Rather than jumping into the remaining objects in Cygnus—mostly planetary nebulae—I went to work on Herschels in Cepheus and Cassiopeia, starting with NGC 6939; I’d gotten the neighboring face-on spiral NGC 6946 my last time out, but had been clouded out before I could grab the nearby open cluster. Then it was on to objects on Sky Atlas 2000.0 Chart 4, so that I kept ahead of the meridian as much as possible. It turned into a night of (primarily) galaxies… all the more enjoyable after a season of open clusters and planetaries.

Conditions deteriorated quickly, with dew falling early and heavily. Several thin waves of cirrus drifted through, disrupting the transparency and seeing throughout the early part of the evening.

MOON: 2 days; 3% illuminated, set at 7:58 PM
SEEING: 7 (Variable)
TRANSPARENCY: 7 (variable, some cirrus coming through)
SQM: not checked
NELM: 6.8
WEATHER CONDITIONS: temps in low 40s, cold and clammy, breezy, very dewy until 11:00 (then ceased dewing up)
OTHERS PRESENT: FS, DB, RA, Mark W from Florence

All observations: 12.5f/5 Discovery truss-tube Dobsonian, 14mm ES 82˚ eyepiece (112x, 0.7˚ TFOV) unless otherwise noted

NGC 6939 (Cep): I’m starting with this one because I couldn’t get to it the last time out (when I got NGC 6946). This is a very, very rich, well-detached open cluster of the NGC 7789 type, with no fewer than ninety stars packed into a 9′ area. This one is also much more like a flight of wild ducks than M11, with the brightest stars in the cluster forming a very obvious ‘V’ shape pointing due P. The star at the “point” of the ‘V’ is pretty close to the P edge of the cluster, and, at 11thmagnitude, is the brightest star that’s obviously a cluster member. One of the bars of the ‘V’ starts at that star and runs SF along the S edge of the cluster proper; this bar has five of the brighter cluster stars along it. The other bar starts on the NF edge of the cluster and runs SP to the “point star”; this bar has more stars (almost too many to count) but these are fainter than those in the other bar. Both of these bars are about 3.5′ long. The bar on the N extends beyond that; after the 3.5′ length, there’s a wide gap and then a small triangular clump of four or five 13th-magnitude stars. A couple of other clumps of stars lie N of this bar, in what is the densest part of the cluster. The cluster itself lies within a diamond of brighter stars: 5′ P very slightly N of the “point star” is a 10th-magnitude star; nearly due N of the point star by 7.5′ is a 10.5-magnitude star that is itself the S central star in a small rhombus; NF the point star by 9′ is a 10th-magnitude star that has a 12th-magnitude companion due F by 0.3′; there’s another clump of four or five 13.5/14th-magnitde stars between this pair and the clump to the NF.  9′ S slightly F the point star is another 10th-magnitude star; 5.25′ S somewhat F this last star is a 7th-magnitude star, the brightest in the field. An isolated brightish (12thmagnitude) star lies 4′ F very slightly S of the point star, in between the bars of the ‘V’ toward the S. 2.5′ P very very slightly S of the point star is a faint trio of stars in a N-S running line that’s 0.67′ long and is probably outside the boundary of the cluster; the brightest in this trio is in the middle and is 12.5 magnitude.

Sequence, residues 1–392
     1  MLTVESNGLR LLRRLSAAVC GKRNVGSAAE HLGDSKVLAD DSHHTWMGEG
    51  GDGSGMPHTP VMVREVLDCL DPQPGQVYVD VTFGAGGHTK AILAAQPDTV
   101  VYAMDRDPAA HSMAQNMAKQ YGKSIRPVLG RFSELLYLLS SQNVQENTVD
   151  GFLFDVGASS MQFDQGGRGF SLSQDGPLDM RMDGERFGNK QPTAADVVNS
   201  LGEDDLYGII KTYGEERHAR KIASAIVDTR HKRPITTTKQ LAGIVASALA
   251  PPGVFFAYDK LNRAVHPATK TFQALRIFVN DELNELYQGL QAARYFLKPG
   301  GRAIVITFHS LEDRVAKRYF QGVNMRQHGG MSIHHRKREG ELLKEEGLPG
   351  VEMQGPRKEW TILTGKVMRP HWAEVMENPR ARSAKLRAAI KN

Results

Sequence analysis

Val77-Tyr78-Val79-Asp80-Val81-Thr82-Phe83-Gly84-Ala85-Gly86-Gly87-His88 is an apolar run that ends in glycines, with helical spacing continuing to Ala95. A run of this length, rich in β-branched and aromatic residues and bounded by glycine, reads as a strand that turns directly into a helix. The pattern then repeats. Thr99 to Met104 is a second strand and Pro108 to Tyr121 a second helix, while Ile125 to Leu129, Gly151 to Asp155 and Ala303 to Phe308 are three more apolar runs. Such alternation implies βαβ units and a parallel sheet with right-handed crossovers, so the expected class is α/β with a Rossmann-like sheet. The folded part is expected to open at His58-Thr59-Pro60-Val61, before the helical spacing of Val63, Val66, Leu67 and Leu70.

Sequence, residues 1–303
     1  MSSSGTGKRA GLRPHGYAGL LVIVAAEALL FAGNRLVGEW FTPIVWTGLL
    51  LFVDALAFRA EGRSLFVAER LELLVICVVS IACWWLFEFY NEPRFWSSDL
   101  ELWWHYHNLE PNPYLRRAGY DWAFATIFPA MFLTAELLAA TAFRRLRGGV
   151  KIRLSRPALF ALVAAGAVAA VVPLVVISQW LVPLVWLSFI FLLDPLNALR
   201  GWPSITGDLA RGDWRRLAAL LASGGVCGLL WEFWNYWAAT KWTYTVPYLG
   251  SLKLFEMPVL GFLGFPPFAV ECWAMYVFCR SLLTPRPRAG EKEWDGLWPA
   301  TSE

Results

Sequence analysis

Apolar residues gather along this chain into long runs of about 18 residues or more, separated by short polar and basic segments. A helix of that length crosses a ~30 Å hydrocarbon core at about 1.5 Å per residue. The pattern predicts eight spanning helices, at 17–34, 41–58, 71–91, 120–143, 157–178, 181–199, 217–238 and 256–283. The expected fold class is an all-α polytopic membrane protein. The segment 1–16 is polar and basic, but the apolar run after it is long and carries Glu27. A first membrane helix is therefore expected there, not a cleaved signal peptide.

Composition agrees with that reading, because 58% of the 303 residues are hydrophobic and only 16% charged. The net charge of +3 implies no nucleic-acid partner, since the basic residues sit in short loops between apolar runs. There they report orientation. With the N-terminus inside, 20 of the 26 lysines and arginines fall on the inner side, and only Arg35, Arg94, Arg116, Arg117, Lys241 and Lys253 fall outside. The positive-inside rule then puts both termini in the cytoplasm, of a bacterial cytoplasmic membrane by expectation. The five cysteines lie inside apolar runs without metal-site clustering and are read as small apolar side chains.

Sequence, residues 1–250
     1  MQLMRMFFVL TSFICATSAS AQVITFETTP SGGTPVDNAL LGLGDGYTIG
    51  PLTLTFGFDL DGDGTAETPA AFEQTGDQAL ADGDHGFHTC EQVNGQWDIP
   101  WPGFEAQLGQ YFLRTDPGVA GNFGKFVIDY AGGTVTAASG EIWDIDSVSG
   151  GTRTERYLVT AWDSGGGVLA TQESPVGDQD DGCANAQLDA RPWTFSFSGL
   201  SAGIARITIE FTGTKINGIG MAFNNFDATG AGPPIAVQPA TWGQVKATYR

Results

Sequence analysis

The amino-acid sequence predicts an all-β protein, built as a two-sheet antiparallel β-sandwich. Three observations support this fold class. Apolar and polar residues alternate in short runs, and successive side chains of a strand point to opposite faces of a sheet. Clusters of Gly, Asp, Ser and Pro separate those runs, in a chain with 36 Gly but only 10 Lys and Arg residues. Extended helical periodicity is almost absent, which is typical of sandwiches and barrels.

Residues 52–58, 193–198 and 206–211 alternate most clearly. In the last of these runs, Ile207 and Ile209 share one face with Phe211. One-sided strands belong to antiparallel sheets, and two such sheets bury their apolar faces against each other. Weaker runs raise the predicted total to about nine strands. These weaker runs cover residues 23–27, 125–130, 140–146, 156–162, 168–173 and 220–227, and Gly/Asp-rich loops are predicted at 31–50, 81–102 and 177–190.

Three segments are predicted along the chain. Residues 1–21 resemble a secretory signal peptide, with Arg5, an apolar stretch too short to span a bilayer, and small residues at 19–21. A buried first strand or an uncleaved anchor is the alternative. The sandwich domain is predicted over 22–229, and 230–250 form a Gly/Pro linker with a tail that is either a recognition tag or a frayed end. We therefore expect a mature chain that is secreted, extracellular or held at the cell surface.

NGCs 185, 147 (Cas): Back to galaxies!  NGC 185 is a large (4.0′ x 3.5′, elongated SP-NF), weakly-concentrated and very diffuse glow. There’s little core visible here and no nucleus. The edges of the galaxy are poorly-defined and fade away into the background sky. Curiously, it has a graininess to it, as if it’s just beyond the verge of possible resolution; it’s not mottled, but has a texture to it almost like a faint, unresolved globular. It’s in the middle of a triangle of bright stars: 11′ P very slightly S is an 8.5-magnitude star; 10′ NF is another 8.5-magnitude star; due S of the galaxy by 12′ is a 10th-magnitude star. Also NF (by 3.75′) is the brightest (11.5 magnitude) vertex in a small triangle; the other two vertices of the triangle are 12.5 magnitude. 19′ S of the galaxy is a 9th-magnitude star. Also S of the galaxy is a very flat trapezoid of stars of which the two brightest are on the SP end: there’s an 11th-magnitude star on the SP corner, a 12th-magnitude star 1′ SF that first star, another 12th-magnitude star 2.25′ F very slightly N of the previous, and a 13th-magnitude star 1.25′ NF the second 12th-magnitude star. The longest side of the trapezoid is the N side, and the 13th-magnitude star is the closest to the galaxy at 5′.

NGC 147 lies 55′ P very slightly N of 185. This is quite a difficult galaxy, and one that was a real challenge from southern Illinois. It’s larger but even more diffuse and considerably fainter than 185, although it’s still surprising that William Herschel missed it. 147 is, like NGC 185, elongated SP-NF, but larger at about 5.0′ x 4.0′. The galaxy has only very weak central brightening, and a faint star near the middle rather than a visible nucleus. A very faint star (14thmagnitude?) is embedded in the NF end of the halo, and another on the SP edge. S of the galaxy is a random pattern of 10th/12th-magnitude stars that’s 7′ long. SP the galaxy by 10′ is a 10.5-magnitude star. The brightest in the field is 8thmagnitude and lies 16′ NP the galaxy. 7′ N slightly P the galaxy is a 10th-magnitude star that’s the SF end of an ‘X’ pattern that extends NP from that star, while the crossbar extends from P to N of that star; the faintest star in the ‘X’ is in the middle, where the bars cross. Due NP the galaxy is a very thin isosceles triangle whose base is the S end, with the 9.5-magnitude star on the P end of the base the brightest in the triangle; the star on the N tip is 10th-magnitude, while the F end of the base is 12th-magnitude; the triangle is 1′ x 4′. F the galaxy by 8′ is a 10.5-magnitude star.